However, Fussell and colleagues reported that the pointing technique is not sufficient to represent the remote helper’s movements in some situations [3]. This resulted in increased interest toward tele-guidance systems using AR technology. These studies have demonstrated that both pointing and non-verbal information, such as hand gestures, can be used to guide the worker. One such example is MobileHelper [4]. In this system, a worker wears a helmet with a small camera, and a remote helper observes the local environment on a tablet device. The device captures the helper’s hand gestures by using its rear camera. Then, the hand gestures and the worker’s near-eye display are superimposed.
Another example is BeThere [5], where a worker captures three-dimensional (3D) information from a local workspace by using a depth camera attached to his/her handheld device and sends the information to the helper’s mobile device. The helper can observe the transmitted 3D workspace from an arbitrary angle by moving the device as if he/she is looking at the environment through a small window. In return, the device captures the 3D shape of the helper’s hand gesture and sends it back to the worker’s location, where the gesture of the helper is displayed on the worker’s mobile device.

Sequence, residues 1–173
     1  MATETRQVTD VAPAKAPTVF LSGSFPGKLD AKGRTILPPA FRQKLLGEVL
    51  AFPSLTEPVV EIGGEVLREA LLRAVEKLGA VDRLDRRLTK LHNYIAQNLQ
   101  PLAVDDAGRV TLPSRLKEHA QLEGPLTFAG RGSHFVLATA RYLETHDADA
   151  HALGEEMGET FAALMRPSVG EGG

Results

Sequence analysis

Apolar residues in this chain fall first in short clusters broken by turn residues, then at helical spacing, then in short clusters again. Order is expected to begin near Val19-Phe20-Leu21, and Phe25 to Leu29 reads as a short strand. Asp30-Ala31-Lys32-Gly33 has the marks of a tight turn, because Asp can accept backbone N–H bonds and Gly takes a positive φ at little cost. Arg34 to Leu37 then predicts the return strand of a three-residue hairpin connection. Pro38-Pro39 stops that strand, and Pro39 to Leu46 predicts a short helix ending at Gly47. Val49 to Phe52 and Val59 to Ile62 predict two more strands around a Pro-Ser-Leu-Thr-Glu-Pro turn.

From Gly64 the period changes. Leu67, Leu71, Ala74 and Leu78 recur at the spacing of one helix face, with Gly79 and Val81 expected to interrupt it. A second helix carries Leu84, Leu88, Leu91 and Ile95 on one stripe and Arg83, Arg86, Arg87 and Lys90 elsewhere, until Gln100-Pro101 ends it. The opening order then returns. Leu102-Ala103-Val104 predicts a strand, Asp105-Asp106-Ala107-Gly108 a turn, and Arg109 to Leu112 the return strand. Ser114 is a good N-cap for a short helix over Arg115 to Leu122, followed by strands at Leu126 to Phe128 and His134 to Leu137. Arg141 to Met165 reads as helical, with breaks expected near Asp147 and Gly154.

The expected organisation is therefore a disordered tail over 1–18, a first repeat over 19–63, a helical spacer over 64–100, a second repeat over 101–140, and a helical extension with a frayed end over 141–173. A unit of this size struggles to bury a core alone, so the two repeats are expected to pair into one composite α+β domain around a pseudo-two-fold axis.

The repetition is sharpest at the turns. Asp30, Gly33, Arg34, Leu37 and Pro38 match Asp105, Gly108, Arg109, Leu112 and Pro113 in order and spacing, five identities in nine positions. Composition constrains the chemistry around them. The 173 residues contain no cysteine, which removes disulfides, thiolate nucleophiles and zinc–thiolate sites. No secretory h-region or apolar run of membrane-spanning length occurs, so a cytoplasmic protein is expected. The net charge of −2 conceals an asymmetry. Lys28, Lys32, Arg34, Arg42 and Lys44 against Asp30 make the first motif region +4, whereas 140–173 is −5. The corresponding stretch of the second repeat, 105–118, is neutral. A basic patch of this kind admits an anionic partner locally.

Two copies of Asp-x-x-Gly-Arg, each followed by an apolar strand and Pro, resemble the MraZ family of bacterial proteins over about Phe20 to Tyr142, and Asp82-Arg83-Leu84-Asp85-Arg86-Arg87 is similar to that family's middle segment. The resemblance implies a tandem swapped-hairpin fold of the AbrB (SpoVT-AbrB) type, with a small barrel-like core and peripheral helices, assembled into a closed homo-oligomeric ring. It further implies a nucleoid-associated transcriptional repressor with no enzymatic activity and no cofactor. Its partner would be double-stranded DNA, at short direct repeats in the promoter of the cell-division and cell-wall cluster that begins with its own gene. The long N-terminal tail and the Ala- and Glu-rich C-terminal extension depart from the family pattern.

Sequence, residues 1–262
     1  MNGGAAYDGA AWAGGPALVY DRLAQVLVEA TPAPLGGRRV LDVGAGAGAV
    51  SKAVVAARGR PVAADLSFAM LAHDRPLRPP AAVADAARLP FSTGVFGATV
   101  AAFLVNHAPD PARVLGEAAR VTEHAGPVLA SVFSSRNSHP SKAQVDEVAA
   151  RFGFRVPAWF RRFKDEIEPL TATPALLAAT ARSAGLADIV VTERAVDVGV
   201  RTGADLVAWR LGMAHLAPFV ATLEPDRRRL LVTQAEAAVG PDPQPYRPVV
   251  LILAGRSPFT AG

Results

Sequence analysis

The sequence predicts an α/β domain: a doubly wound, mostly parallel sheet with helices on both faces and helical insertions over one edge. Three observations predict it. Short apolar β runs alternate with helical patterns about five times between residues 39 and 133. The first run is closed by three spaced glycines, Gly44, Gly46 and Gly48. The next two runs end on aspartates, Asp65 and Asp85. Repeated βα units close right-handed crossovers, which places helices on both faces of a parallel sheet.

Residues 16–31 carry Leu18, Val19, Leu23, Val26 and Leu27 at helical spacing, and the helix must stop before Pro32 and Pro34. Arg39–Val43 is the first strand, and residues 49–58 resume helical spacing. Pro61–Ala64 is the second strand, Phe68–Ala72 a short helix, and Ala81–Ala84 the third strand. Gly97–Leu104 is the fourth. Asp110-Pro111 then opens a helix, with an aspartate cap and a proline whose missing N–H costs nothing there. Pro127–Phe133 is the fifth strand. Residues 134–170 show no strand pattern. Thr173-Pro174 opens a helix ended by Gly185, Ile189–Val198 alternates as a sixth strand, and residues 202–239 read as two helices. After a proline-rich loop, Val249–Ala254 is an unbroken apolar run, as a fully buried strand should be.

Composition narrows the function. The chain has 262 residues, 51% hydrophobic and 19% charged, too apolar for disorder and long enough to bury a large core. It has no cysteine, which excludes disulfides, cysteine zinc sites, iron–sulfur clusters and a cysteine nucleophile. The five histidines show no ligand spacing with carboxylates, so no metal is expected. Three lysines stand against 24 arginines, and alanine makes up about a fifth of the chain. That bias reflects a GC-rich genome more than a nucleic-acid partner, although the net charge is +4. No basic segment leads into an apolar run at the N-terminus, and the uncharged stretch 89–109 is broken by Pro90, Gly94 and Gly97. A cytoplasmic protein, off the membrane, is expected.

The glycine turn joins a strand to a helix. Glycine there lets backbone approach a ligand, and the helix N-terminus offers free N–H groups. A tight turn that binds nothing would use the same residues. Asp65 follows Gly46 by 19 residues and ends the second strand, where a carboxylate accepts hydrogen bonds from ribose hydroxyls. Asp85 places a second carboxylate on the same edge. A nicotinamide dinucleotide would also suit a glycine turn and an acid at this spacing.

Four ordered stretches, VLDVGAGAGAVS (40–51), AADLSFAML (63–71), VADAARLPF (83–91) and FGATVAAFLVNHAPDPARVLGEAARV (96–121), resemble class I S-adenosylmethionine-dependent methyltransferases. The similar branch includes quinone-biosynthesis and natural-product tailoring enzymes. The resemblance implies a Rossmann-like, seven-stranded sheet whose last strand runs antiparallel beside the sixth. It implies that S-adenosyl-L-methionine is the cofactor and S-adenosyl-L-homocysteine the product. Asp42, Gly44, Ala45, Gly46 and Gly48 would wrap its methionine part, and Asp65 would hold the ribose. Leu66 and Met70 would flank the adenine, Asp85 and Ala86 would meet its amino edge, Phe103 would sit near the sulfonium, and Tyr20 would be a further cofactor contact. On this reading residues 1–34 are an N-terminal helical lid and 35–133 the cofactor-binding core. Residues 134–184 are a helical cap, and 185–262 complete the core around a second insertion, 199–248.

All of these systems impose requirements on the worker. For example, the worker must hold a mobile device in one hand, which hinders his/her operations. Collaboration systems that do not require helpers and workers to hold devices have been investigated. Tecchia and colleagues [6] and Huang and colleagues [7] developed systems that superimpose 3D hand gestures from a remote helper to a workspace view. By using depth cameras, these systems can capture the 3D information of a local tabletop and a 3D model of the remote helper’s hand gestures. The worker can see the image, onto which the helper’s hand gesture and the local workspace are superimposed, displayed on a monitor local to the worker. However, these systems have been developed for tabletop tasks. Thus, it is difficult to use them in cases wherein the worker must move freely within a wider workspace.